Moses submitted to God's decree in regard to himself. He regretted not the burdens he had borne for an ungrateful people who had not appreciated his labors, his anxious care and love for them. He knew that his mission and work were of God's own appointing. When the Lord first made known to Moses his purposes to qualify him to lead his people from slavery, he shrank from the responsibility, and entreated the Lord to choose some one better qualified to execute this sacred work. His request was not granted. Since he had taken up the work, he had not laid it down, nor cast aside the burden. Several times the Lord proposed to release him, and destroy rebellious Israel; but Moses could not let Israel go. He chose still to bear the burden the Lord had intrusted to him. He had been so especially favored of God, and had obtained so rich an experience during his travels in the wilderness, in witnessing the manifestations of God's miracles and his excellent glory, that he concluded, in reviewing the scenes of his life, that he had made a wise decision in choosing to suffer affliction with the people of God, rather than to enjoy the pleasures of sin for a season. He regretted not his sufferings and hardships. Only one unfortunate act marred his illustrious experience. If he could atone for this one transgression, he would be reconciled to die. He was told that repentance, humiliation, and faith in the Son of God, who was to die man's sacrifice, was all that God required. This sinless and perfect offering would be fully acceptable with God, and would link finite man, though fallen, if repentant and obedient, to his own sacredness.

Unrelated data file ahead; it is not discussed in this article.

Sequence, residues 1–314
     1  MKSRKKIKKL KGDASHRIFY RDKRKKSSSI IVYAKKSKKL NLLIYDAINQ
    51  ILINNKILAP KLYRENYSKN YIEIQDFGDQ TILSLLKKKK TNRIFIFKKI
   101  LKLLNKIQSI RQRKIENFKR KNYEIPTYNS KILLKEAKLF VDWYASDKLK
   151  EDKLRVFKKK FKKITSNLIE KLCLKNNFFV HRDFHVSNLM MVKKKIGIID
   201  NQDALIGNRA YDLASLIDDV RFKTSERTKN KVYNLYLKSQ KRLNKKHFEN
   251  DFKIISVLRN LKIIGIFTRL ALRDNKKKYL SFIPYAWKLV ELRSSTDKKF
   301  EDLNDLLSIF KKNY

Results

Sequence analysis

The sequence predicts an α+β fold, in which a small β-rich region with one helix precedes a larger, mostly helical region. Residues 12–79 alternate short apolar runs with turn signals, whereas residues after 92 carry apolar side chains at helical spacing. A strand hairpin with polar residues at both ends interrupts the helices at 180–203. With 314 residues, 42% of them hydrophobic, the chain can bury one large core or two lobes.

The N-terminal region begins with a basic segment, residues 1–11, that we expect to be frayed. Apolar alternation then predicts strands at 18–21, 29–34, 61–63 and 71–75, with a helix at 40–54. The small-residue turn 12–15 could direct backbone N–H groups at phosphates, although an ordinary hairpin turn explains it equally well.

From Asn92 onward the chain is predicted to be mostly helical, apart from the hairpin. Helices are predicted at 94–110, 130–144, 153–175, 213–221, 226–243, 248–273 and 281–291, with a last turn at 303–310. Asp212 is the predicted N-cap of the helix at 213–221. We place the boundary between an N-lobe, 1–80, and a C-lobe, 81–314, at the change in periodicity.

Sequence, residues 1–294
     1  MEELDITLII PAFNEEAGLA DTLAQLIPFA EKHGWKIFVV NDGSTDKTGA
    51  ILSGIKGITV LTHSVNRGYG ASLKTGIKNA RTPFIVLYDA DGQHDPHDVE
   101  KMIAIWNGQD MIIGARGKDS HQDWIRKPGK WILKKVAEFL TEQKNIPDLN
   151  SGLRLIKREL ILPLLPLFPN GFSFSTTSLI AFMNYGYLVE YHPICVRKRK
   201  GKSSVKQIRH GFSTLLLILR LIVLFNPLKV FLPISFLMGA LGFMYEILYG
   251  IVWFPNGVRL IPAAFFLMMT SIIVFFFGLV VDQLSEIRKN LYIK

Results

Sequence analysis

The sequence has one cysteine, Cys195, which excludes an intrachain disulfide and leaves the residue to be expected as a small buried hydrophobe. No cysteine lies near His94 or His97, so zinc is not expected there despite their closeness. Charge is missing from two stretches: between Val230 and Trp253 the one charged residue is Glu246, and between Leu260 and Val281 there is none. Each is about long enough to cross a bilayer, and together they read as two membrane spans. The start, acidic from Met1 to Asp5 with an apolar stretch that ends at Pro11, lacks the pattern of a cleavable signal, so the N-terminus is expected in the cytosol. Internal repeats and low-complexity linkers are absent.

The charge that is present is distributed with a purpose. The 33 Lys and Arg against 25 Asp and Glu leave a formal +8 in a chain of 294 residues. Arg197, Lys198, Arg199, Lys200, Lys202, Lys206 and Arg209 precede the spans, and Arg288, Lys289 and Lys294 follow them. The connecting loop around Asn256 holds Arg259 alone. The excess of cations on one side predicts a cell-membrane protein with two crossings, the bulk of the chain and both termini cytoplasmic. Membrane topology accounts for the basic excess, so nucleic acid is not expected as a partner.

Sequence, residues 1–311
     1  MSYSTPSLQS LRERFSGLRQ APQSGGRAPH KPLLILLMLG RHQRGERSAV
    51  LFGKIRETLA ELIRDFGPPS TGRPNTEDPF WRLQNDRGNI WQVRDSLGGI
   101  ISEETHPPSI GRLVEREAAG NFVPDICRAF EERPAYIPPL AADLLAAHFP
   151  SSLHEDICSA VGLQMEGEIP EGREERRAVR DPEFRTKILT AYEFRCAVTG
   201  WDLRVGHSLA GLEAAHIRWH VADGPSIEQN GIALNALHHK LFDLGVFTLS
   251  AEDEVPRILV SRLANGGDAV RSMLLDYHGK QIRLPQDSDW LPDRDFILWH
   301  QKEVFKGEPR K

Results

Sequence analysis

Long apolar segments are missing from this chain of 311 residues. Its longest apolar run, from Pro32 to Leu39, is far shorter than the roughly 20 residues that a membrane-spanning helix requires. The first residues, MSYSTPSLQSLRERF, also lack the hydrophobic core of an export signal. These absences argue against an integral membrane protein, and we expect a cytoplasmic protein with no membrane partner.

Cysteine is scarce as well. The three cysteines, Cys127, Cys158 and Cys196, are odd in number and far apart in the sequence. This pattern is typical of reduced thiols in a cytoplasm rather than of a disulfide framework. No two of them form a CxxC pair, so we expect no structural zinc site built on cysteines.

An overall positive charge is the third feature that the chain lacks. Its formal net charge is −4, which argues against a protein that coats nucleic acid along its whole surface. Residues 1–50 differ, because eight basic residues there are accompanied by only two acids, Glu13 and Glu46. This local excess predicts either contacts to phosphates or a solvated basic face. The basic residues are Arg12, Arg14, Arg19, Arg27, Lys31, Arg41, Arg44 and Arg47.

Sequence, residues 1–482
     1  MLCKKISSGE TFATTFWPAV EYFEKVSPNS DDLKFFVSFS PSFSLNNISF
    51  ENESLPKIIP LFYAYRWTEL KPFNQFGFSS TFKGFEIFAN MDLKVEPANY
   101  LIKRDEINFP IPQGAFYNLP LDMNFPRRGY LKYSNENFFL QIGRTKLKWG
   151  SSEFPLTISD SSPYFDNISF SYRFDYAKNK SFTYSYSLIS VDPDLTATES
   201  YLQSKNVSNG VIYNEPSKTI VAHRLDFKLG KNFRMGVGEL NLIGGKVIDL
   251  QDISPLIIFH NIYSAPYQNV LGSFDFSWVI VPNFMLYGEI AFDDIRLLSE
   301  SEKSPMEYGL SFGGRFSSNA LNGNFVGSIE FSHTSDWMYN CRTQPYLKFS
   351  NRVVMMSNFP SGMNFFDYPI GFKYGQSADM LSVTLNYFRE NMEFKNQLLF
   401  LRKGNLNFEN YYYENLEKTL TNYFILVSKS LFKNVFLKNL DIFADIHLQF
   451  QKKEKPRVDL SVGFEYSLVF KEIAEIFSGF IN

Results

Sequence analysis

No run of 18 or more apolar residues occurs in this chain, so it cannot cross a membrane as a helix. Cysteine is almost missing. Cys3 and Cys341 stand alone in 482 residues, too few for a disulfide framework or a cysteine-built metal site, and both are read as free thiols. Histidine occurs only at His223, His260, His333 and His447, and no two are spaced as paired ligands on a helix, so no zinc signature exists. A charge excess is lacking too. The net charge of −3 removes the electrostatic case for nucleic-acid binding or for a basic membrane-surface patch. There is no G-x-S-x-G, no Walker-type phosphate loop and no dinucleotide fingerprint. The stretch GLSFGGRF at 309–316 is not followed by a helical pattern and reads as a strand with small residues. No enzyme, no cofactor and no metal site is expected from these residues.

As angels presented to Moses a panoramic view of the land of promise, he could take in the whole scene, and appreciate with almost divine clearness its magnificence. It was as a second Eden, abounding in fruit trees of almost every variety, and very beautiful ornamental trees and flowers. There were goodly cities, with brooks and springs of water. There were fields of wheat and barley, and vineyards, and fig trees, and pomegranates, and oil olive, and honey. The Lord had said, "Thou shalt eat bread without scarceness, thou shalt not lack anything in it."